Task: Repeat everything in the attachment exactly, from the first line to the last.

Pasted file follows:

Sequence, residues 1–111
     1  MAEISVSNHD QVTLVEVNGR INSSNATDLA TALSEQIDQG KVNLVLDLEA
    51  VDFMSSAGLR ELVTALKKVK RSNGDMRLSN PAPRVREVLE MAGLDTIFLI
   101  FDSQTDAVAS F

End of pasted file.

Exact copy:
Sequence, residues 1–111
     1  MAEISVSNHD QVTLVEVNGR INSSNATDLA TALSEQIDQG KVNLVLDLEA
    51  VDFMSSAGLR ELVTALKKVK RSNGDMRLSN PAPRVREVLE MAGLDTIFLI
   101  FDSQTDAVAS F